NFL Team Report - Denver Broncos - INSIDE SLANT

When training camp begins, the Denver Broncos defense could still be defined as much by who is not on the field for every period of practice, as by the players that are on the field.

Although linebacker Von Miller, cornerback Chris Harris Jr. and defensive tackle Kevin Vickerson were mainstays on the practice field during organized team activities, none of the three lined up to run a play during a team or seven-on-seven drill. Their work was limited to rehabilitation, and, for Miller, some repetitions in individual teaching periods.

Miller and Harris tore anterior cruciate ligaments in December and January, respectively, and the short time frame since their injuries will cause the Broncos to exercise caution.

They will be equally patient with Vickerson. He had hoped to return during OTAs from a dislocated hip suffered last Nov. 24 at New England, but was not cleared to even begin running until halfway through OTAs. And of the three, Vickerson is the one who may not find the starting job he held last year waiting for him upon his return. The improvement of second-year defensive tackle Sylvester Williams could leave Vickerson in a rotational role once he gets back to practice, which may not be until the end of August, anyway.

When all three return, they will have to adjust to an overhauled defense whose progress will be the primary storyline of training camp.

"We're just bigger, faster, stronger, more playmakers, I would say. The competition is definitely on a whole other level," said safety Quinton Carter.

The offense lost wide receiver Eric Decker and guard Zane Beadles to free agency, but picked up wide receiver Emmanuel Sanders from Pittsburgh and will move right tackle Orlando Franklin to Beadles' old left-guard spot, returning Franklin to the position he manned in college. Franklin's shift also allows Chris Clark, a starter for Ryan Clady last year, to slide over to right tackle.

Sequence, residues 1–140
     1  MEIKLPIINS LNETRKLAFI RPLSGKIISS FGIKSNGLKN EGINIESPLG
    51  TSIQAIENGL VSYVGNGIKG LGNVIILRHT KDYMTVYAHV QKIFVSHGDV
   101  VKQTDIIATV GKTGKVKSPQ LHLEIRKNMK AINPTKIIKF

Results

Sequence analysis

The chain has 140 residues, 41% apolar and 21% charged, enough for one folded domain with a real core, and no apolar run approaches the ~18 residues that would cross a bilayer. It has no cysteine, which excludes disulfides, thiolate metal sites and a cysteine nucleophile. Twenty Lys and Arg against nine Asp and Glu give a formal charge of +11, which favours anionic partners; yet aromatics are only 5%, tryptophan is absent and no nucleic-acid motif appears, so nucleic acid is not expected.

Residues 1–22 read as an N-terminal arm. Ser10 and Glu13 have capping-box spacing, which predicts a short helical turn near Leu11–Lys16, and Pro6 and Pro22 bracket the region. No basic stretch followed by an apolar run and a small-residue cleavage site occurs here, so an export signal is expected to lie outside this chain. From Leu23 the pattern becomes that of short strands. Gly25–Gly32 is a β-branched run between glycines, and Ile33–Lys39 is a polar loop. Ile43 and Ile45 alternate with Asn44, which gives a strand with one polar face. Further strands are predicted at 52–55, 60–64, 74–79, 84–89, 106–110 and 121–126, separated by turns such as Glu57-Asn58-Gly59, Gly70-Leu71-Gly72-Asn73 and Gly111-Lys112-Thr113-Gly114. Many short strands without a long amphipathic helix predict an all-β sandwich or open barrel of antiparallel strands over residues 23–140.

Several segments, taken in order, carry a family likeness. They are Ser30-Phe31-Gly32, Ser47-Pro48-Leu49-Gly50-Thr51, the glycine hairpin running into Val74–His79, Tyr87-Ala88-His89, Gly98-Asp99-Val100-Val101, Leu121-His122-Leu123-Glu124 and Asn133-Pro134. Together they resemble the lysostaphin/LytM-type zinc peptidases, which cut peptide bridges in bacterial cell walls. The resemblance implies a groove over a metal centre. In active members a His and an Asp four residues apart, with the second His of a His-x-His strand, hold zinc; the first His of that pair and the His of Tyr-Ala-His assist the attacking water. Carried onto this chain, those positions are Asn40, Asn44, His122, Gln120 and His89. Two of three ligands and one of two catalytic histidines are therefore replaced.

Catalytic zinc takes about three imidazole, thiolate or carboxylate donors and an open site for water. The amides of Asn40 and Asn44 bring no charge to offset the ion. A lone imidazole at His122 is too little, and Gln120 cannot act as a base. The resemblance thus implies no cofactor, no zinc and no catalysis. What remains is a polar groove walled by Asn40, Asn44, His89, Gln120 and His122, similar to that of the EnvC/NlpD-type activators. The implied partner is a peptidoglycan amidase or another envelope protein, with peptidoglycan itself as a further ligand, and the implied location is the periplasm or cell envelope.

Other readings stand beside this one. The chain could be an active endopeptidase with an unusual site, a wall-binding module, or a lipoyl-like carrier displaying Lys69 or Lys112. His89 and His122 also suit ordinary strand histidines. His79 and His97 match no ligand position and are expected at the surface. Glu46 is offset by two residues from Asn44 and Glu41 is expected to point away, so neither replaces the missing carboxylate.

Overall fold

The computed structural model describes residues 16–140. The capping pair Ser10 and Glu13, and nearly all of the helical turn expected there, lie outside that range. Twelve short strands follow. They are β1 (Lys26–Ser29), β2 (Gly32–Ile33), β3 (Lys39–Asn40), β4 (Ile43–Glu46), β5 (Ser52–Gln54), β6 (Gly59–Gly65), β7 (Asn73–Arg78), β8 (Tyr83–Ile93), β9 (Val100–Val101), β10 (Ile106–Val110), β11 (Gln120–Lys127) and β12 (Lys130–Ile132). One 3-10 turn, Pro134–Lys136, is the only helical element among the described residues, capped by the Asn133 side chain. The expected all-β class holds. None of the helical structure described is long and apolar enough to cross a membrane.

The changes on the offense are incremental in nature, more a tweak here or there to maintain the offense's explosiveness, but also respond to its struggles against Seattle in Super Bowl XLVIII. Denver was attacked from the edges by Seattle's pass rushers, and was unable to mount a running game to keep the safeties from getting involved in pass coverage.

The return of Clady, the changes at right tackle and the work with tight end Julius Thomas on his blocking provide part of a potential solution. But the rest must come from the running game, and its ability to provide a clock-chewing option rather than a simple change of pace every now and then. Montee Ball was drafted in the second round of the 2013 draft in part because of his durability between the tackles. Now that he's the starter -- and has added nearly 10 pounds since he was drafted -- he will be asked to justify that selection.

Denver is a tweaked team from last year. The question now is whether the changes represent a step forward, or one in reverse.


Players report: July 24

Practice with Texans: Aug. 19-21


NFL Team Report - Denver Broncos - NOTES, QUOTES

--Nearly two years on the sideline while recovering from microfracture knee surgery left safety Quinton Carter wondering if he would ever play again.

"I had thoughts of not playing again a lot," he said. "But I just stayed positive through the whole thing, had great support from the Broncos and kept working every day."

The culmination of his work will come if he plays this season, but his work during OTAs was a positive step forward, and even included some first-team snaps when free-agent pickup T.J. Ward was given a brief rest. That offered a reminder that Carter, as a rookie in 2011, was a starter and appeared on track for a bright future before knee problems intervened.